10. Money: And since the previous notes have identified just how important money is, if money determines your methodology, then you are sacrificing something. So, first identify your hypotheses. Sit down with a piece of paper (paper? okay, okay, tablet) and carefully write out your hypotheses. That will then determine what methodology is most suitable. Use the right method and your money will be used wisely. – What’s Your Hypothesis? A Unique Approach to Maximizing the Value of Exploratory Research by Gareth Schweitzer

11. DIY: DIY tools are awesome. They truly are. They can do so much more and so much better than they used to. If you want to criticize something, criticize cases where the people using the tools are unskilled and don’t have the expertise to use the tools properly. Remember, client side researchers are often just as skilled as you are. Indeed, many of them are MORE skilled than you are. Have respect for the ultra-skilled DIY researcher. – Jack Be Nimble: Faster & Richer Insights Through Insourcing by Richard Shakarchi

Annie Pettit, PhD is the Chief Research Officer at Peanut Labs, a company specializing in self-serve panel sample. Annie is a methodologist focused on data quality, listening research, and survey methods. She won Best Methodological Paper at Esomar 2013, and the 2011 AMA David K. Hardin Award. Annie tweets at @LoveStats and can be reached at annie@peanutlabs.com.

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Live from FOCI 2013: Taking Choice Modeling to the next level

Survey taking is an ardent task, and day in day out, it presents rather archaic responses which almost mandate innovation. Joris Huisman and Eline van der Gaast presented new innovations of understanding a changing consumer and service landscape with 3 innovations that can help to better consumer understanding.

Menu based conjoint allows you to understand consumer choices based on services that are made of a plethora of permutations and combinations. Think of automobiles, Dell laptops, salads or burger menus. Understanding consumer sensitivity to different levels of options is what SKIM excels in understanding, which in turn provides actionable recommendations in markets where customization is critical.

When multiple stakeholders are involved, adaptive conjoint analysis is needed to gauge interactions between different stakeholders that affect a product’s uptake. Exemplifying this through the controversial healthcare industry and its players of physicians, patients and their interaction for product sales. Clearly, an intermediate is needed to understand which of these pools of thought should drive strategy.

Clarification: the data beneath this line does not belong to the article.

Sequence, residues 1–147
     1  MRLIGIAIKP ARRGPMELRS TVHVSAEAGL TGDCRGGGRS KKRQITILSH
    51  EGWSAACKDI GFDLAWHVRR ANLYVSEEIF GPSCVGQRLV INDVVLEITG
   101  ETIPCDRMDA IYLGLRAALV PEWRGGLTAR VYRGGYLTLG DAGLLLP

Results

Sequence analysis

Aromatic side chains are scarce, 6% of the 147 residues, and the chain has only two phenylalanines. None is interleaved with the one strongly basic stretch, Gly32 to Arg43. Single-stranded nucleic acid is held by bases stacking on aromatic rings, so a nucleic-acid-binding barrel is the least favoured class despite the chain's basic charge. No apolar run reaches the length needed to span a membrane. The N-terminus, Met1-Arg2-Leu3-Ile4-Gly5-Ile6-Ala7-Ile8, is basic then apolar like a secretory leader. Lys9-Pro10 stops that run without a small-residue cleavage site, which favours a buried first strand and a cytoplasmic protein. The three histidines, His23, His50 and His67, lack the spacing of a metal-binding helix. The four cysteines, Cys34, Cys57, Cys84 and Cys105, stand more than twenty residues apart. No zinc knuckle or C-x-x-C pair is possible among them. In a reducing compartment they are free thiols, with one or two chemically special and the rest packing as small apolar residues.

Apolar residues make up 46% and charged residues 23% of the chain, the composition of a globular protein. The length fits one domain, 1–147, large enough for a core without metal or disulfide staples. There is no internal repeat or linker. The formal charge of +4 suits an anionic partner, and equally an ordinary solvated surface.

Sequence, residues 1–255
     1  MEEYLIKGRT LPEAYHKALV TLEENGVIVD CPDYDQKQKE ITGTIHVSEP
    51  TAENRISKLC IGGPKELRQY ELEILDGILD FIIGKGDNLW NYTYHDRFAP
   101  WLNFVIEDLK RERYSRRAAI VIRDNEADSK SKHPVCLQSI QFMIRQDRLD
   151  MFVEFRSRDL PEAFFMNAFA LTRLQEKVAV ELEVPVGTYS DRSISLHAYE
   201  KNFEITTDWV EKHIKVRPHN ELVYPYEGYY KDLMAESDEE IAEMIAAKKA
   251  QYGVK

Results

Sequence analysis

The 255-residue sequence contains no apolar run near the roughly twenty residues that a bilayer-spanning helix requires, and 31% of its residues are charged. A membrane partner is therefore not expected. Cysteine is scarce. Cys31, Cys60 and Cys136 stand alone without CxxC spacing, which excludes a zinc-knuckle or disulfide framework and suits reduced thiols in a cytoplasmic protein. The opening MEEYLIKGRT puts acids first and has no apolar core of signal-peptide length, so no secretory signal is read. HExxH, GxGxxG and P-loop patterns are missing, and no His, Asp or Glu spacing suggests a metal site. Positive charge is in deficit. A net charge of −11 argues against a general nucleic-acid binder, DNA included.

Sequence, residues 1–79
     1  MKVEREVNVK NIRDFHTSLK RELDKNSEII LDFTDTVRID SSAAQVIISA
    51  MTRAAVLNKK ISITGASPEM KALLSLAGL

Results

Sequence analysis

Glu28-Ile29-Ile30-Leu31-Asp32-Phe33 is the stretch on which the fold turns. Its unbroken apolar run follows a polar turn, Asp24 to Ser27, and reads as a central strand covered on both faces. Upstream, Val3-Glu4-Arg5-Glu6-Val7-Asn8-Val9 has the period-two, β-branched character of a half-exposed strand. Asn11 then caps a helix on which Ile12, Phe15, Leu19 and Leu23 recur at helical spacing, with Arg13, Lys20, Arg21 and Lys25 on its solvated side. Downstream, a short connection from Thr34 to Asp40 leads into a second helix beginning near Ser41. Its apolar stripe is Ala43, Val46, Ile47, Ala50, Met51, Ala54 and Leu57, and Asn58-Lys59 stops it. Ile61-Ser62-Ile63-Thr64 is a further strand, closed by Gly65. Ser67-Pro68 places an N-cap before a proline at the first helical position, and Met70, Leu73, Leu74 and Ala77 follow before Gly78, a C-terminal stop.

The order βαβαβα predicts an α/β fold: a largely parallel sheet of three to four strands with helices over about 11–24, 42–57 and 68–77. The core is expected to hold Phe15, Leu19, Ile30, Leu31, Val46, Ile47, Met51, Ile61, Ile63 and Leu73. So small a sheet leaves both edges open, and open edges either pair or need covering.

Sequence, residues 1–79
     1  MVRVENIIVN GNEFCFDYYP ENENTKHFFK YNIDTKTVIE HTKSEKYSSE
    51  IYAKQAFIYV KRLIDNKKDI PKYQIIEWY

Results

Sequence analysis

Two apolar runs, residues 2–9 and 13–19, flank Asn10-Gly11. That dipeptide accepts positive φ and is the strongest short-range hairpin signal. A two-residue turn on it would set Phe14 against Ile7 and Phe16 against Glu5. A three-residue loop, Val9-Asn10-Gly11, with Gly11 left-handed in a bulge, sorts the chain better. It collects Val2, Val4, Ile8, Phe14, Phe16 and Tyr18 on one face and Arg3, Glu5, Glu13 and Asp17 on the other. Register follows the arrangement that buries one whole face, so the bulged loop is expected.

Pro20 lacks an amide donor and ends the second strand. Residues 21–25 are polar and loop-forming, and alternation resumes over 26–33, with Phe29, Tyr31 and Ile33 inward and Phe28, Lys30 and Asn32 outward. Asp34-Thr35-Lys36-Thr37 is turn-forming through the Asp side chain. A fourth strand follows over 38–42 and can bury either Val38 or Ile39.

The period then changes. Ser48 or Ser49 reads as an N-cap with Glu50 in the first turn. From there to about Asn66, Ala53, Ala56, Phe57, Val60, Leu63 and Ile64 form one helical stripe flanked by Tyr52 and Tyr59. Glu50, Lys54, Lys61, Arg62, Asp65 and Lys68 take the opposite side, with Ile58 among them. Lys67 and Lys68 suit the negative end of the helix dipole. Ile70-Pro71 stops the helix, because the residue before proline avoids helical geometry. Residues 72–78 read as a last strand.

And lastly, instead of asking questions, consumers can be engaged in surveys that mimic reality. Using a virtual shelf design to enable consumers to feel like they are shopping, heat maps and the lies can be brought to life to understand what consumers are looking at before the point of purchase. Facial recognition takes this a step further in understanding what a consumer actually feels, bringing to light the emotional understanding.

New ways of research are critical to understanding consumers in a rapidly changing consumer landscape. Innovation is thus valued as a mandatory step for marketers and researchers moving forward.

Sourabh Sharma,
Communication & Social Media Research Expert at SKIM, an international
consultancy and marketing research agency, has a background in engineering,
marketing and finance from the University of Pennsylvania, and the Wharton
School and Rotterdam School of Management. Having worked in marketing and
product development at L’Oreal, followed by a stint in management consulting,
he now passionately enjoys the world of social media, and can be found on every
platform with his alias sssourabh. He is a food critic and a fashion writer,
and documents these alongside strategy on his blog called
3FS. He may be reached at
s.sharma@skimgroup.com. Follow him on
@sssourabh.

A new way to get insights, everyday

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About the Author
iModerate is a qualitative research firm that goes beyond the obvious by connecting with consumers through real-time, online, one-on-one conversations. Utilized within an online survey for a hybrid approach or as a stand-alone qualitative method, our professionally moderated conversations deliver candid feedback and give you more of the insight that matters to you.
iModerate Research Technologies is a sponsor of The Future of Consumer Intelligence and The Market Research Event and will join us on site to explore we can transform market research together.